David Jewett was a white minster at Mohegan who developed a hostile relationship with Samson Occom. He become the pastor of the North Church in New London, CT (now Montville) in 1739. Jewett initially served as the clergyman for the English congregation, and attempts to merge the white church with the local Indians were unsuccessful. In 1742, when plans to establish a pastor for the Indians also proved to be futile, Jewett became the minister for them as well, supported by the Company for Propagation of the Gospel in New England and the parts adjacent in America (New England Company). Indians received religious materials, and many, including Sarah Occom, Samon's mother, became members of his parish. In 1756 when Connecticut gathered a regiment to go to Crown Point, Jewett served as chaplain. He also became a member of the Connecticut Board of Correspondents of the Society in Scotland for Propagating Christian Knowledge (SSPCK) when Wheelock assembled it in 1764. In addition to his role as minister, Jewett oversaw Robert Clelland’s school at Mohegan, which became one source of his animosity toward Occom. Occom criticized Clelland’s performance as schoolmaster, implicating Jewett as the supervisor, and Jewett rejected Occom’s intrusion. Furthermore, since Occom had been appointed to preach at Mohegan, several Indians as well as English, primarily those who sided with the Indians in the Mason Case, left Jewett’s church to follow Occom, as Jewett supported the Colony due to his land interests. Jewett brought charges against Occom to the Boston Board of the SSPCK and to the New England Company Commissioners, and the Connecticut Board of the SSPCK tried Occom in March of 1765. They found Occom to be innocent except for his involvement in the Mason Case; therefore, the Board declared that Jewett must write to the Boston Commissioners again to clear Occom. Although Jewett assented to the task, he did not pen the letter until Wheelock pressured him that June. While Jewett and Occom’s relationship was officially mended, bitterness remained until Jewett’s death in 1783.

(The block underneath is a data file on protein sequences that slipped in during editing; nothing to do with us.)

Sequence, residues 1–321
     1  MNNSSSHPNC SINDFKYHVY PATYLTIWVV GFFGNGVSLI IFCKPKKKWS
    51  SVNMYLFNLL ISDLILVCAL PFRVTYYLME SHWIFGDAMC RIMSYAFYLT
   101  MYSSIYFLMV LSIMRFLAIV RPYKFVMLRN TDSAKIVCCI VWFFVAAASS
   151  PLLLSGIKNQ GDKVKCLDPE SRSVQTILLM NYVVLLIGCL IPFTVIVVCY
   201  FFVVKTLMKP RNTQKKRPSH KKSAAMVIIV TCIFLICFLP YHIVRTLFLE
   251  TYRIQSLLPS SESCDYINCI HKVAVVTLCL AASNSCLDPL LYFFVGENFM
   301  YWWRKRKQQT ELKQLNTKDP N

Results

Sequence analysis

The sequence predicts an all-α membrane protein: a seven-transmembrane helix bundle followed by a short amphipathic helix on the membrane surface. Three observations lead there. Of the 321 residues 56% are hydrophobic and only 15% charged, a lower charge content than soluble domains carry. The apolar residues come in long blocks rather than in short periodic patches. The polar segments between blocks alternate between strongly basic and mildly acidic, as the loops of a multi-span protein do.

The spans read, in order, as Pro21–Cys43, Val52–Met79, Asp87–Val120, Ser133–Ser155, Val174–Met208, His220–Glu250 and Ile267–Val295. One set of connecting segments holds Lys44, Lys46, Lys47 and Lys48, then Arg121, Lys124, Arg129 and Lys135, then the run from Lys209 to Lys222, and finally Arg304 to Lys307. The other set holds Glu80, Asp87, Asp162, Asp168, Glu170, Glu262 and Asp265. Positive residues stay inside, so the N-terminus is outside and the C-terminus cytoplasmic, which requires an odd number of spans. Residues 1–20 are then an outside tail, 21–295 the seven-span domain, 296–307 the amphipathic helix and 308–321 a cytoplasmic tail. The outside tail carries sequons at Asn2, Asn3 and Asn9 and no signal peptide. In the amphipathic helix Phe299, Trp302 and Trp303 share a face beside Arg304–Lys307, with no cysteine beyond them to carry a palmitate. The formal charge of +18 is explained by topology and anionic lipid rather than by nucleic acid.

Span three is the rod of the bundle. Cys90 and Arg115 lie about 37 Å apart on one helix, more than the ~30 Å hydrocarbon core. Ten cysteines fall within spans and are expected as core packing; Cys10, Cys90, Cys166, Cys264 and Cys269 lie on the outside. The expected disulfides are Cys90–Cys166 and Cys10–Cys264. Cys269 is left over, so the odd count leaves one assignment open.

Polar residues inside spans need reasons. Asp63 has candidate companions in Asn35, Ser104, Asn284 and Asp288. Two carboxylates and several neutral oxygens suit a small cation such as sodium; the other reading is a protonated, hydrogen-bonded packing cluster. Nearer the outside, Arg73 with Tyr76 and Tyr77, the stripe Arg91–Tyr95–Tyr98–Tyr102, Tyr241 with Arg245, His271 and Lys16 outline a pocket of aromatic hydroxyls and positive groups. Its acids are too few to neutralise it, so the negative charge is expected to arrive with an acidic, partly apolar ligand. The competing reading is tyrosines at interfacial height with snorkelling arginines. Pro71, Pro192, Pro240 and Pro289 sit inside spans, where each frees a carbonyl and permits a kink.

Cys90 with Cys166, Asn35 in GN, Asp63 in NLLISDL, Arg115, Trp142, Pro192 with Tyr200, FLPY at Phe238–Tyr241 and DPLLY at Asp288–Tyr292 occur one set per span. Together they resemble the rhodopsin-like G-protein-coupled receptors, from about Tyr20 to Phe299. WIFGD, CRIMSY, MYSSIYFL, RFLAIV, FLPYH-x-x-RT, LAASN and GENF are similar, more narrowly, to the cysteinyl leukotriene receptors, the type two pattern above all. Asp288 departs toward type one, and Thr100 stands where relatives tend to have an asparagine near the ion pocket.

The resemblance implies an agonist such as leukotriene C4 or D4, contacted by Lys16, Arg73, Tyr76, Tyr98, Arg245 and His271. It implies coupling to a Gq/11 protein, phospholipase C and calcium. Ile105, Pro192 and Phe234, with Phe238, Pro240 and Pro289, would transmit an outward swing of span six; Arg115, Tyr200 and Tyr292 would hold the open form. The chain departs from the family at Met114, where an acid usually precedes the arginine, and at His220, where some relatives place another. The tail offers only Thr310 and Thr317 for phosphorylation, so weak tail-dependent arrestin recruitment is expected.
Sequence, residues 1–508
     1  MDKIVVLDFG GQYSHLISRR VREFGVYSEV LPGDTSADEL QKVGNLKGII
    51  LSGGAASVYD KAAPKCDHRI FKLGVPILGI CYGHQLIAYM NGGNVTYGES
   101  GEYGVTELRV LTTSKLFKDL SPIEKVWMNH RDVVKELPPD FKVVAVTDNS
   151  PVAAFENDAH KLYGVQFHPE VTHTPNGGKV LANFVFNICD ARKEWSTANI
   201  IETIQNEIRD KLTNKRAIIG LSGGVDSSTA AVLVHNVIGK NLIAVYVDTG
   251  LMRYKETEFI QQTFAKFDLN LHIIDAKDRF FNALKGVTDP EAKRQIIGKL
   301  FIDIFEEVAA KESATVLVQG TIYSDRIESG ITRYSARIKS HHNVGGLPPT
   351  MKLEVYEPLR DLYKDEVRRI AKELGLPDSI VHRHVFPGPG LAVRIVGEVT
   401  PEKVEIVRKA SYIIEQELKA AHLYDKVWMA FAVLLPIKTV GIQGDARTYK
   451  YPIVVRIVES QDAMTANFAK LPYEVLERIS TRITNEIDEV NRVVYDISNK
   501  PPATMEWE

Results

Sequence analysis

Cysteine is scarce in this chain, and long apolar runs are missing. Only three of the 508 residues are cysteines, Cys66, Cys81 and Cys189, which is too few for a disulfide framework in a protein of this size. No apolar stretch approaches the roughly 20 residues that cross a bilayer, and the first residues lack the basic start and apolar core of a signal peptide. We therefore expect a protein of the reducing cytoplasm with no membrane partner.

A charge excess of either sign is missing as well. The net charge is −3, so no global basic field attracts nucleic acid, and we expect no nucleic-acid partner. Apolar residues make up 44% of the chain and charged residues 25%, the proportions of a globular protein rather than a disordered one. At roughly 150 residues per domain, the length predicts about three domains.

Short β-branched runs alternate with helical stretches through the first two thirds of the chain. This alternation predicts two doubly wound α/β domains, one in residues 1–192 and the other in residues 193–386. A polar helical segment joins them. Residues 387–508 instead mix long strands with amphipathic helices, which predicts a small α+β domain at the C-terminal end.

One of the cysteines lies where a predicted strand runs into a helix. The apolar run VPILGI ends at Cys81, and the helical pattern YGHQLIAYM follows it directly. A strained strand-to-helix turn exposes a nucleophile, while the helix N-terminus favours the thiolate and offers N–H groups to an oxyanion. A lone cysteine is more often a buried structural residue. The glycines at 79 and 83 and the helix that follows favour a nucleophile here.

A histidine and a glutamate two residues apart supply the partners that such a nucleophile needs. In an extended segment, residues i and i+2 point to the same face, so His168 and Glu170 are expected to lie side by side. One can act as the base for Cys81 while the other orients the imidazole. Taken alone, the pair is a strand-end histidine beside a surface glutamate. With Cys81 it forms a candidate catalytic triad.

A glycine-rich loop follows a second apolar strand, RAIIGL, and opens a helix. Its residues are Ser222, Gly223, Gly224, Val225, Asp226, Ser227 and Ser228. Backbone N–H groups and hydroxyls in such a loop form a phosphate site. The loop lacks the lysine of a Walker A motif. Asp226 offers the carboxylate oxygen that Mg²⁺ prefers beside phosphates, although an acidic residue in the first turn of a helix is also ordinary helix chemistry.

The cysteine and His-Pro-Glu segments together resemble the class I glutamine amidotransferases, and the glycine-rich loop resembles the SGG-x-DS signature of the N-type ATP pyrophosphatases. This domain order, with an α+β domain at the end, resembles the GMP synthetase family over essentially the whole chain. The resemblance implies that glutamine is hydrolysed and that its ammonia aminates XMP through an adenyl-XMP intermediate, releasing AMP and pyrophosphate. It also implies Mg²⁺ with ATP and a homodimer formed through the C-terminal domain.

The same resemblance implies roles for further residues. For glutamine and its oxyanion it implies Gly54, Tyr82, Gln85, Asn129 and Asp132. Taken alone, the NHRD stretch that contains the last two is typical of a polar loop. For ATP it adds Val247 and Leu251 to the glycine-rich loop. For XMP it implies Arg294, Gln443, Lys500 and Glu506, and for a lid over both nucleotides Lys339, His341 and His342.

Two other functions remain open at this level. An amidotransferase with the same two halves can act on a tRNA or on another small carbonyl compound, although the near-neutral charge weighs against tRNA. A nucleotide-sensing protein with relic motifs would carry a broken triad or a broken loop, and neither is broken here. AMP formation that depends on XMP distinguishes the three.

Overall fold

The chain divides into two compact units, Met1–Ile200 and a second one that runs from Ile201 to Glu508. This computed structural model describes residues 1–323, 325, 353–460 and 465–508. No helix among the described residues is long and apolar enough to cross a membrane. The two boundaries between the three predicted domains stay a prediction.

Clelland, Robert